Defenses, Affirmative Defenses and Counterclaims in Debt Litigation

Defenses, Affirmative Defenses and Counterclaims in Debt Litigation




What is the difference between an “affirmative defense” and a “counterclaim,” and how do they relate to what you might call “plain” defenses in debt litigation?

The Burden of Proof

The main meaningful to understanding the differences in defenses is to remember what lawyers call the “burden of proof.” The burden of proof applies to who has to prove something, and since few things can ever be proven beyond any doubt, how firmly must the jury or estimate be convinced of the fact. In a civil trial (which debt situations are) the burden of proof (at trial) is by “the preponderance.” Consider a set of scales with your evidence and the other side’s evidence balancing each other. The “preponderance” method just enough to tip the scales one way or another. It’s not a hard burden, but nevertheless the jury must believe you instead of the other side. And ties go to the person who does not have the burden of proof.

“Plain” Defenses

Let’s start with “plain” defenses. Remember that the plaintiff produces the burden of proof regarding its case against you. It must prove that you (1) owe some money, (2) that they are the correct person you owe it to, (3) that you have never paid it back, and (4) how much you owe. To put it in simple terms, if they are suing you for an old credit card debt of $500, they must prove the following: (1) you used the credit card to borrow money or buy stuff; (2) they bought or otherwise acquired the right to go after you for the money; (3) that you never paid the money back to the original creditor or another debt collector; and (4) that the total amount due is $500. If they fail to present enough evidence on any one or more of these issues, you should win. A “plain” defense is simply you alleging in your Answer to the lawsuit denying one or all of these elements of the plaintiff’s case. Once you argument the debt collector’s allegations against you, it produces the burden of proof as to each disputed allegation.

Affirmative Defenses

Suppose you want to argue that although it was your credit card, someone else fraudulently used it to incur the debt. That might be an “affirmative” defense. An affirmative defense is something that, if true, would prevent the debt from being valid against you already if all the allegations of the plaintiff’s appeal are true. The party asserting an affirmative defense produces the burden of proof on it.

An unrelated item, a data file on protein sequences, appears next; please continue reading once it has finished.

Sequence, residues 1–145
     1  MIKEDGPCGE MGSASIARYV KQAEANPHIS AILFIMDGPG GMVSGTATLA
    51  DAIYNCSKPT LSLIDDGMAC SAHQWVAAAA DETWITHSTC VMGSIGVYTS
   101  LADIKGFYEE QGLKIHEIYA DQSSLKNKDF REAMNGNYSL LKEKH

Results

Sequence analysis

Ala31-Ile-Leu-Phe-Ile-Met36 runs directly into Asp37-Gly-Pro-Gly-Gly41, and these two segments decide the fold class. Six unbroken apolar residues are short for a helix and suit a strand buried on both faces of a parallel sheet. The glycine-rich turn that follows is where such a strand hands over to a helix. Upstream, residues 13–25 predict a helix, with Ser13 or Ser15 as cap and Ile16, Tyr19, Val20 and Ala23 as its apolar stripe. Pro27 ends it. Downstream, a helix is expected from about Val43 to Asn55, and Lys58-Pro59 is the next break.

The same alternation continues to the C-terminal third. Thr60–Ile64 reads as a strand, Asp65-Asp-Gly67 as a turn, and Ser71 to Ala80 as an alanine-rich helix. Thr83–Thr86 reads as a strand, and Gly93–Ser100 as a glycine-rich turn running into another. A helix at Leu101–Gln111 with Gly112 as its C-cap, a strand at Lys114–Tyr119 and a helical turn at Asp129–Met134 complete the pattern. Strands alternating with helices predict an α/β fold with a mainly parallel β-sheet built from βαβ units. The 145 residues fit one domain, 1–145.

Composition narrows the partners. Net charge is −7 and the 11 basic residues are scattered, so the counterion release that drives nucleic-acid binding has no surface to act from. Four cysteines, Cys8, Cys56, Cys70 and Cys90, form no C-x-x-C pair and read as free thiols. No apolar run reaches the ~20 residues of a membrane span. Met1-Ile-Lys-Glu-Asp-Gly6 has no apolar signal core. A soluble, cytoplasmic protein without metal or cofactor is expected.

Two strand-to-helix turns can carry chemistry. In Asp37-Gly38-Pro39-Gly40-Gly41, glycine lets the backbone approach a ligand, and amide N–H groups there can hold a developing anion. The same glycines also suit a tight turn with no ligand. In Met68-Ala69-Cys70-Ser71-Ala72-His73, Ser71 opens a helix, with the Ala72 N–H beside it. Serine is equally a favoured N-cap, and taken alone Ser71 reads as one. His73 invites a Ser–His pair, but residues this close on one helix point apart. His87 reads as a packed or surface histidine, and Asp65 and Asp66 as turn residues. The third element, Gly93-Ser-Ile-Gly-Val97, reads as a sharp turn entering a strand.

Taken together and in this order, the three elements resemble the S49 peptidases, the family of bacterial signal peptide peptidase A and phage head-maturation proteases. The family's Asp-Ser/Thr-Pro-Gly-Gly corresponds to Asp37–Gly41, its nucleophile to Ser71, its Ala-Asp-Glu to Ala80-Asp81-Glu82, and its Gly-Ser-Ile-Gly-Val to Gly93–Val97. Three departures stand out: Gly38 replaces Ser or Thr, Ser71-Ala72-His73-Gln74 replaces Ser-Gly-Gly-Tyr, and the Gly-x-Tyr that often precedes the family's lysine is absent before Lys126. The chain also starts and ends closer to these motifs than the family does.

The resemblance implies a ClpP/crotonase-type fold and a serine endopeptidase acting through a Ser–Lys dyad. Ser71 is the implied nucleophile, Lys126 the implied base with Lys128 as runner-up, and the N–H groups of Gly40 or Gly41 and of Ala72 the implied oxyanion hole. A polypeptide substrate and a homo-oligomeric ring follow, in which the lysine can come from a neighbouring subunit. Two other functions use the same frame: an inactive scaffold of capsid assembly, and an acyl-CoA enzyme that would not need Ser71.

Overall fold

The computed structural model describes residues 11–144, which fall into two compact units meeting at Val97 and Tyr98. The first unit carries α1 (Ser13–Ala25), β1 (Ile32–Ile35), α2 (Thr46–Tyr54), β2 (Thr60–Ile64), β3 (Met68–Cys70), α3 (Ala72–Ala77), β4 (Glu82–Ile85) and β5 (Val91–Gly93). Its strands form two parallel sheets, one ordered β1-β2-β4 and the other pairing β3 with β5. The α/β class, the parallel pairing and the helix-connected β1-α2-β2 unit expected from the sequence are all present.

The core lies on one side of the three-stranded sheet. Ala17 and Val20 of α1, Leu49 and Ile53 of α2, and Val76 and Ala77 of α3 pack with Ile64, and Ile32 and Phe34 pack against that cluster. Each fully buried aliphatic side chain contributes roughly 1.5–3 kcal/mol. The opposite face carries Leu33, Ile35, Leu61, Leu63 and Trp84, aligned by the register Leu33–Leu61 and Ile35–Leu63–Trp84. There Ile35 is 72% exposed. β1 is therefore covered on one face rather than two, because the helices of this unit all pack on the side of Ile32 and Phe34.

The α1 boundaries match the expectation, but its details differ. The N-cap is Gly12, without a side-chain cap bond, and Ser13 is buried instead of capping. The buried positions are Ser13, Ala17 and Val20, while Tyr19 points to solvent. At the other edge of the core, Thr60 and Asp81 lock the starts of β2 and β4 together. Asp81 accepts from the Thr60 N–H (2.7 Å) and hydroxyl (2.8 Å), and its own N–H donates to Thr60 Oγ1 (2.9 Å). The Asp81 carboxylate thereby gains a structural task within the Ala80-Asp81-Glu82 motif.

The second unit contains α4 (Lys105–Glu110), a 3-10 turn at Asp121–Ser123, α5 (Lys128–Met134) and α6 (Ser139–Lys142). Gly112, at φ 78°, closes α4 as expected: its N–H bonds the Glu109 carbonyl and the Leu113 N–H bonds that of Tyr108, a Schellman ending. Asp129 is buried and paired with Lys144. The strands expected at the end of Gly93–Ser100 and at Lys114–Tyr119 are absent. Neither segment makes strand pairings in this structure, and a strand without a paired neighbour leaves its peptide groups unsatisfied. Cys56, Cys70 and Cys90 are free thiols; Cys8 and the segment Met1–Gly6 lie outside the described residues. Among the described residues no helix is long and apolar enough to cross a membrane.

Counterclaims

A “counterclaim” is an thoroughly different animal. A counterclaim asserts a right against the party suing you. For your counterclaim, you are basically treated as the plaintiff, and if you win, you should get some money. Defenses merely keep you from owing the other side money. You will bear the burden of proof for your counterclaim, and the other side may present defenses and affirmative defenses. A counterclaim will not defeat their claim, although in some kinds of situations, such as consumer fraud situations, counterclaims can double as defenses. In the debt collection context, this is generally not the case. A counterclaim that the debt collector harassed you will not be a defense against their claim that you owe them money. It might, however, be a more valuable claim, though, and could easily be worth more money than their claim against you.

A possible exception might be the rule regarding “verification.” The Fair Debt Collection Practices Act (FDCPA) requires that if you request the debt collector to validate a debt, they must do so within 30 days and must not take any further collection activity until they have done so. In some situations defendants have used the collector’s failure to validate (after a proper request) as a defense to the case. clearly that would be very permanent since it could easily be remedied.

Likewise, arguing that the plaintiff had not made a prior need for the money (but just sued you out of the blue) is only a technical defense to a contract claim, as the courts will usually simply treat the appeal itself as the need. however, in the debt litigation arena, if the appeal is the first you have heard from the collector you would nevertheless have the right to need verification. Exactly how that roles as an affirmative defense and affects the time-table of the case has been much litigated and is not in addition clear. Again, it would likely be a very permanent defense, although failure to provide the written notice of your right to verification might be a violation of the FDCPA.

Conclusion

If you are responding to a lawsuit brought by a debt collector, you will want to consider your plain defenses, any possible affirmative defenses, and your counterclaims. They are all separate and must be pleaded (alleged) and proved separately.




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